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 Post subject: Re: senior trainees
PostPosted: Mon Jul 22, 2013 1:31 am 
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OK.

To lose fat, the key is diet. As the saying goes "you can't out-exercise a bad diet". So eating less overall, eating mainly "real" food, low on high glycemic carbs, etc., etc.

Squatting 400 seems a bit lofty to me. If you are a relatively-short-limed person who can squat more than you can deadlift, maybe it's not totally unrealistic, but it's a way off.

When you say "press", do you mean bench press? Usually the word press used by itself means an overhead press, such as shoulder press or military press. Bench press of 200+ is possible (that's my PR, by the way).

For cardio, you still have some options. You mention the prostate issue with cycling. They make a specific cycle saddle to help with this. It's like an ordinary saddle, but with a split in the back, leaving 2 parts that support the ishial tuberosities ("butt bones"). A friend swears by these saddles. I have no direct experience with the issue.

It sounds like your training isn't very systematic. I enjoy working out on a fairly random basis occasionally for a few weeks, but for good progress I think you need a plan and a routine. Stick with the routine until there are problems with it, including lack of progress. A written record is valuable, and systematic progression is important.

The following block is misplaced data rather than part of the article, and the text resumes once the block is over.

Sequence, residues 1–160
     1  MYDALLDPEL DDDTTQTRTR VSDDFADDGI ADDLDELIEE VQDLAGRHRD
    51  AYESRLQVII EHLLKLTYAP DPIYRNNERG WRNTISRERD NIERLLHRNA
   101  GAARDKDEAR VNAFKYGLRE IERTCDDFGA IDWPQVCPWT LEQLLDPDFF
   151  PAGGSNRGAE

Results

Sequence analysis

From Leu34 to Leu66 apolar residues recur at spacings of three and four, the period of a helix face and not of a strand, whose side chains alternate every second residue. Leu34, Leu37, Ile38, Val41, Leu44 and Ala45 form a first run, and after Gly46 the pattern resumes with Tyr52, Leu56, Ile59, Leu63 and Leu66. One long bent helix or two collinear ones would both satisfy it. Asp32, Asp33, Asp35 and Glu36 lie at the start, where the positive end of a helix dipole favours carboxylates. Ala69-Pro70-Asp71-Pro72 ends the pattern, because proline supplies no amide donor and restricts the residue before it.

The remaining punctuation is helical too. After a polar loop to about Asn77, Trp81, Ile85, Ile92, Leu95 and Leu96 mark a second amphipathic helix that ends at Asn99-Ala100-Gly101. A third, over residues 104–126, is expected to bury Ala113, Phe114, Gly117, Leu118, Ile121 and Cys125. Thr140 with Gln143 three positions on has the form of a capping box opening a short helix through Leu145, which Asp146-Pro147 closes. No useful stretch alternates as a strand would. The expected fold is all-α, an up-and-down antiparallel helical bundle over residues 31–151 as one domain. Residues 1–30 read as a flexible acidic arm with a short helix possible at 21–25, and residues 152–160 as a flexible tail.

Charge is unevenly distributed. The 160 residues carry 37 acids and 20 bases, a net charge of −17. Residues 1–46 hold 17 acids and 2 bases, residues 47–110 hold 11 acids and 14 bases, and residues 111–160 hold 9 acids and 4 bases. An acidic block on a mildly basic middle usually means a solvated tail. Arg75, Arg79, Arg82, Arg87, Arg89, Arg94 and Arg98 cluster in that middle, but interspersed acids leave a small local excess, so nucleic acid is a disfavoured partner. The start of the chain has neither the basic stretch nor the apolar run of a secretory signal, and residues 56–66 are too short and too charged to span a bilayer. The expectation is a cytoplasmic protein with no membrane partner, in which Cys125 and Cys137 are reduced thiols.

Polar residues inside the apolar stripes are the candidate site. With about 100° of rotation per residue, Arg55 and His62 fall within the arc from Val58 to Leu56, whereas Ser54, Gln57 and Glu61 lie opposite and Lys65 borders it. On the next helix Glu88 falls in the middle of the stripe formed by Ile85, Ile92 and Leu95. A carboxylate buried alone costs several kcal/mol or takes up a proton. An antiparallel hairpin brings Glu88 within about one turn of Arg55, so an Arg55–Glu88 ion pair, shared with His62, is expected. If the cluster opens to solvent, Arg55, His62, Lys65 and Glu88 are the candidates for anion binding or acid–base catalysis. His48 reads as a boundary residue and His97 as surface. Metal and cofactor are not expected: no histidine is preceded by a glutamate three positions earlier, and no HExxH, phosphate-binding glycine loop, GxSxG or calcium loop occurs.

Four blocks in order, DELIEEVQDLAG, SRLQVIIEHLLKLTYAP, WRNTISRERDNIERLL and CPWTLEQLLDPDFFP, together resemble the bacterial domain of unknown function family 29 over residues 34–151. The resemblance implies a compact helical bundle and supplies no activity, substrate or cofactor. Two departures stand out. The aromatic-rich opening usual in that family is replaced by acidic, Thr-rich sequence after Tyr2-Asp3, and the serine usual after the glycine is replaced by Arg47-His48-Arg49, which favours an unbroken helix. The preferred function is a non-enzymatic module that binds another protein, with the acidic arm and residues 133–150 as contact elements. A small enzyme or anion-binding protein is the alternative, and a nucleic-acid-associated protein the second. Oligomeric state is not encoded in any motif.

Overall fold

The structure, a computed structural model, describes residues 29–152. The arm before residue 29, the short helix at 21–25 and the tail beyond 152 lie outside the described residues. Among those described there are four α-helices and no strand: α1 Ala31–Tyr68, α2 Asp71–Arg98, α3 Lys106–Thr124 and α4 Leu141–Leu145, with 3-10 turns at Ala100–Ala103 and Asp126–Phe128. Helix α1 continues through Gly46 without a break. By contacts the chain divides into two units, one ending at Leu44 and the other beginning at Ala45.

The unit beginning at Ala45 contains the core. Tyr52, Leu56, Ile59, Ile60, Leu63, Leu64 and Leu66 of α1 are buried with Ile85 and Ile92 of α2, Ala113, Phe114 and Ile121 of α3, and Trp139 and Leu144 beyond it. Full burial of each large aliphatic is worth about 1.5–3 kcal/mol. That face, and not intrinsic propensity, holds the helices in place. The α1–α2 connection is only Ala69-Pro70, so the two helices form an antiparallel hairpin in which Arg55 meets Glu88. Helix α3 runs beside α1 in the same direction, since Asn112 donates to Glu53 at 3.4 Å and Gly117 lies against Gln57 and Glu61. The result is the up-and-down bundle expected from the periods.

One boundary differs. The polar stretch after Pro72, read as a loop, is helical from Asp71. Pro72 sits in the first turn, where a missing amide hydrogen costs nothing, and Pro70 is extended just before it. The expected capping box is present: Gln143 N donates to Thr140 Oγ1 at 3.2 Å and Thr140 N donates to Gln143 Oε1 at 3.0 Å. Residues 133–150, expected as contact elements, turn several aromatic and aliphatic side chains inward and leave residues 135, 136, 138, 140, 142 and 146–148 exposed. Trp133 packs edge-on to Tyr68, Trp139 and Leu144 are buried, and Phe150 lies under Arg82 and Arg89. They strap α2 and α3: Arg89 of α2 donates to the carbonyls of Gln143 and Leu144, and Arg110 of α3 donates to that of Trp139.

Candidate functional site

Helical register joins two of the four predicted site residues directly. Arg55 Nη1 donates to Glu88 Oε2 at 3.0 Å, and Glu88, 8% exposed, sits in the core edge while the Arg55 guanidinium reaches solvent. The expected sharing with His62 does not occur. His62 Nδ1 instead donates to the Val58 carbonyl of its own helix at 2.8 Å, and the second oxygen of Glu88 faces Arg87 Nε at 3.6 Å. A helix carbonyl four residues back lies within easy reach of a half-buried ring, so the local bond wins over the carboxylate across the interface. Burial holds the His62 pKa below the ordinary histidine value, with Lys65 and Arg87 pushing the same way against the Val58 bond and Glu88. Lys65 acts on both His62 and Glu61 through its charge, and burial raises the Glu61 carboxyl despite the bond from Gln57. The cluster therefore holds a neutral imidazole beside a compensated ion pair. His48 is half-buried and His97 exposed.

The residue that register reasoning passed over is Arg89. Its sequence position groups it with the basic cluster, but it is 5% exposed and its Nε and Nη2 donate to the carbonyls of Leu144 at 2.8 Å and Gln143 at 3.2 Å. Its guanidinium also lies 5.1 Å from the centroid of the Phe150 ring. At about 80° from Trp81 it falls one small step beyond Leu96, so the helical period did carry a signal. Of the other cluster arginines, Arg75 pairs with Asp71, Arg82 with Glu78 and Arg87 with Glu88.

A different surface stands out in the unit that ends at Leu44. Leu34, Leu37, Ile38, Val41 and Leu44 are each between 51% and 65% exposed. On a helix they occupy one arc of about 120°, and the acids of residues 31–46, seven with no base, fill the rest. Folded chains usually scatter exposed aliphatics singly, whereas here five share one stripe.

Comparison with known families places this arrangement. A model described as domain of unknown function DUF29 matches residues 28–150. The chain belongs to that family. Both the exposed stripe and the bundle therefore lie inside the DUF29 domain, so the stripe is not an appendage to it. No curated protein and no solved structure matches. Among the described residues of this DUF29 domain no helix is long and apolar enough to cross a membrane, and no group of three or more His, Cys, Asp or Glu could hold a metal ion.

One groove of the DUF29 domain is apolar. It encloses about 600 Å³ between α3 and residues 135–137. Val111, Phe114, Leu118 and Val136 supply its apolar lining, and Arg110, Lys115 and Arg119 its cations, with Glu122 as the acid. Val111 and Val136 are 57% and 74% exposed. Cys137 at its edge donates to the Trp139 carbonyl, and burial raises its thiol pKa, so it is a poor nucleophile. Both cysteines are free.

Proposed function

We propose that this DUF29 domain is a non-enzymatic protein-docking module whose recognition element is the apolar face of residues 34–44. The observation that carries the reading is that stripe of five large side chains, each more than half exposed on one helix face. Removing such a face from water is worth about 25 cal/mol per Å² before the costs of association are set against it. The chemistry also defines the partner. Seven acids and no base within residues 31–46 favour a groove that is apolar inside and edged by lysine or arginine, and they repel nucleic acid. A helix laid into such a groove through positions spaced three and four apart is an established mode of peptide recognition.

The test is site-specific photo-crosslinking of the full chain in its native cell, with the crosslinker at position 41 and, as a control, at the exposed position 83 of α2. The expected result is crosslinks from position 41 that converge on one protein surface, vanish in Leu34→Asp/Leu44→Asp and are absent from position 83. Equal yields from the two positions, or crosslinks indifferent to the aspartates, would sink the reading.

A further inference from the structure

Given your active work, I'm thinking that resistance exercise 2 or 3 times per week would be plenty. You might want to have 3 workout days, but 2 workouts which you would alternate between the 2 days. Here is a suggested simple routine.

Warm-up. Whatever you like, details aren't critical. Do your therapy exercises as part of this, even after your elbow pain is resolved.

Step-ups, 3x6-10
Bench press 3x5-8
Row of choice, 3x5-8
Lateral raise, 3x10

Trap bar deadlifts, 2x3-5
Overhead press, DB or BB, 3x5-8.
Chin-ups, 3 sets, failure OK on last set
Planks, Roll-outs or Pallof "presses"

Step-ups. Weight with dumbbells, starting with what allows you to do the reps fairly easily. At first progress this by increasing the height of the step. Start at maybe 12", then add an inch or 2 every workout until it's so high that the thigh is nearly level at the beginning of the step. Then progress the weight by small increments, maybe 5 pounds each, if you have 2 1/2 pound plates.

Bench press. Make a bench. Piece of plywood and some 2x4s from your lumber yard. Cover the top with some foam and upholstery material if you like. Or just use a plank on some cinder blocks. If you don't have a rack you can use dumbbells, or have a friend hand the bar to you. You need a rack.

Rows--DB, BB, single-arm, etc.

Lateral raise--keep weight light, lift with the elbows slightly bent, pinky stays higher than the index.

Trap bar--this is the first time that someone asking advice about setting up a routine has had one of these! It's a great tool.

On all exercises start with weight that you can handle fairly easily, then gradually increase. When you can't increase any more, check back here, and we'll argue endless about the many ways to change the routine at that point.

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Our greatest fear should not be of failure, but of succeeding at things in life that don't really matter.--Francis Chan


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 Post subject: Re: senior trainees